Tuesday Topic: Teaching our Kids about their Home Culture

How do you teach your kids about their home culture? What things do you feel are important for them to know? History and such are important, but what about American sports, cartoons, and other things that all American kids grow up with? Many experts talk about MKs and the stress that they feel upon re-entry as a result of feeling like outsiders in what is supposed to be their own culture. Have you given much thought to this? What things are you doing to help prepare your kids for when/if they move back to the US? Have you seen your kids struggle with this when back “home?”

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3 Responses to “Tuesday Topic: Teaching our Kids about their Home Culture”

  1. 1 Ashley L. June 2, 2010 at 5:36 am

    Our kids are young, so I haven’t felt like they have missed out too much on American cultural opportunities yet. One little recent thing is that our kids recently got some Cinderella, Snow White, and Spiderman books, and though they have never seen the shows (well, we just got Snow White), they still know who they are and like the idea of superheros and princesses. They are popular in Russia too though! The funny part for me is that though I know plenty of the American classic cultural things, I have little idea of what kids today are into, so even if there are things that are wholesome that I wouldn’t mind my kids knowing about, I myself don’t know what they are!

    I think one thing that we are planning to do is to make sure we plan our furloughs in ways that our kids get to experience significant holidays and other things that we would hope for them to experience. We’re hoping to spend our first Christmas at “home” in 5 years this winter since our kids are old enough to remember it (and since we just miss Christmas at home ourselves!), and I know that I hope our kids might get to play on an American sports team or two (baseball, etc.) when we spend extended times in the US.

    I also have to say that there are plenty of cultural things that I am HAPPY they are missing out on, although there are some not-so-great cultural things in Russia to make up for those things that they are “missing out” on.

  2. 2 Phyllis June 3, 2010 at 12:09 pm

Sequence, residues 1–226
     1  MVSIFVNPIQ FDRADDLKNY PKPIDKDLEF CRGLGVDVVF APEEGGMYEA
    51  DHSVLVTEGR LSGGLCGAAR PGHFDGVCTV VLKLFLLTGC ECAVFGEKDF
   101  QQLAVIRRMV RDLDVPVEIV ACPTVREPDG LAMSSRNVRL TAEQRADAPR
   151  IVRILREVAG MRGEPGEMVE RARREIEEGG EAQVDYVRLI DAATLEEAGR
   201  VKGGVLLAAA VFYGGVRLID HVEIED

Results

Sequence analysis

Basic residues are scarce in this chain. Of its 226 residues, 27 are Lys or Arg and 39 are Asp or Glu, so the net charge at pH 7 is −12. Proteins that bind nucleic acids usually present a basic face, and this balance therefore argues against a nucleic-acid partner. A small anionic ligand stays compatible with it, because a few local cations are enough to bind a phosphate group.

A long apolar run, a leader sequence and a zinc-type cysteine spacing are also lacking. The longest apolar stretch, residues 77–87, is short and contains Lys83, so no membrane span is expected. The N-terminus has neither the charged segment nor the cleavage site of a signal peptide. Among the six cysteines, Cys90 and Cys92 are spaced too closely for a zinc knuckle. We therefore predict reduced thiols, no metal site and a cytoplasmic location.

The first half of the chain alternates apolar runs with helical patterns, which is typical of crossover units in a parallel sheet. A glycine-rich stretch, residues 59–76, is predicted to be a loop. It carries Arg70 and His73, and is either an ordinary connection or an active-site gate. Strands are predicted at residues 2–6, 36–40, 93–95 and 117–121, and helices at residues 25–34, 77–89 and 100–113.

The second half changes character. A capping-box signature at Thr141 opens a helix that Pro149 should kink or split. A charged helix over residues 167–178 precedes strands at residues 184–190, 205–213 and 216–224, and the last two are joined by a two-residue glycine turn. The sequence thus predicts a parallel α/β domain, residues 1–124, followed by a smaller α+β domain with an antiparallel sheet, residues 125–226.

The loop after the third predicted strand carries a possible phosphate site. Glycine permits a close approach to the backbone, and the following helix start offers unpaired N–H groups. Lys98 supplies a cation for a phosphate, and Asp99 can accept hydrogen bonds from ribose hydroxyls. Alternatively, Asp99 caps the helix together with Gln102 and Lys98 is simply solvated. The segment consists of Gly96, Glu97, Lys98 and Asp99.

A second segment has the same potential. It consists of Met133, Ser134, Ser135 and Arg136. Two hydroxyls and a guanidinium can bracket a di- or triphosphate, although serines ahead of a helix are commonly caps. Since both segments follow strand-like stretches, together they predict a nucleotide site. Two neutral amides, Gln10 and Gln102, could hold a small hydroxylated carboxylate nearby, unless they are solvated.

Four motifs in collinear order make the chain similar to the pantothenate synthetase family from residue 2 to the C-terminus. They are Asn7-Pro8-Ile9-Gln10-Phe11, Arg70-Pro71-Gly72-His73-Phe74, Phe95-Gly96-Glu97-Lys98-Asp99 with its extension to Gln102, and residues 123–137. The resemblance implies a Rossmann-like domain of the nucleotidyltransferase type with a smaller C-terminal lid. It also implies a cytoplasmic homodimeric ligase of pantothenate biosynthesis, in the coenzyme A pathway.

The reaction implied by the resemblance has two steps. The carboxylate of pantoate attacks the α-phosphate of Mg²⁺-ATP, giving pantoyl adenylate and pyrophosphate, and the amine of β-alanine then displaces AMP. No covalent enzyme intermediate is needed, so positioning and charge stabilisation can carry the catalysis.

Honestly, we haven’t really thought about it much. I guess I kind of feel like I grew up as an outsider, even in American culture (no TV, etc) myself, and I didn’t really suffer from it. 🙂 I’m trying to give our children a sense of groundedness in our own family culture, and a curiosity and flexibility that will carry them them through whatever cultural changes they go through. I hope that they’ll see our openness to learn about the culture that we live in now, and that they’ll be prepared to possibly have to learn in the same way about whatever culture they live in as adults, whether that’s the USA or another mission field.

  3. 3 Kara June 8, 2010 at 8:51 am

    We want our kids to be familiar with important holidays (like the 4th of July and Thanksgiving) which aren’t celebrated in Russia. On furloughs every other year, they get to stay up late to watch fireworks on the 4th. And we have our school-age son skip school on Thanksgiving and the Dec 25th.

    For preschool, I think some important parts of American culture are things like Mother Goose nursery rhymes, and other kids’ songs, like “London Bridge” and “Ring around the Rosy”. Honestly, I never remember things like that, but try to reinforce the ones that my mom and mother-in-law teach my kids! I have been embarrassed to discover my kids don’t know a lot of fairy tales (like Little Red Riding Hood, Jack and the Beanstalks, etc.)

    We also do Sonlight homeschooling read-alouds which give some of those classics. Now we’re in the 1st-2nd grade curriculum, which is World History. And for 3rd grade, we’ll do American History. From an academic and cultural standpoint, I think that will be very important for our kids.

    We also watch videos, like Little Bear, Little Einsteins, Thomas, Veggie Tales, and (I’m embarrassed to admit) almost all the Pixar films. Oh, and even more embarrassing, our kids watch Star Wars. It seems these, more than nursery rhymes, give our kids a touchpoint with American kids (who are also missing most of the classical stories, anyway).

    Overall, I think that we can’t give our kids both cultures without killing ourselves and overwhelming them. There has to be some lacking in American culture in order to spend time immersed in Russian culture! But some exposure to American stories, history and cartoons will help them connect with their fellow citizens in the future.

    One last point, is that my husband often accuses me of not being part of my own culture, since my parents hardly let me watch TV growing up. (He watched 10 hours a day in the summer and still knows all the shows by heart!) So it’s good for me to have the perspective that even if we lived in the States, my kids would intentionally miss a lot!

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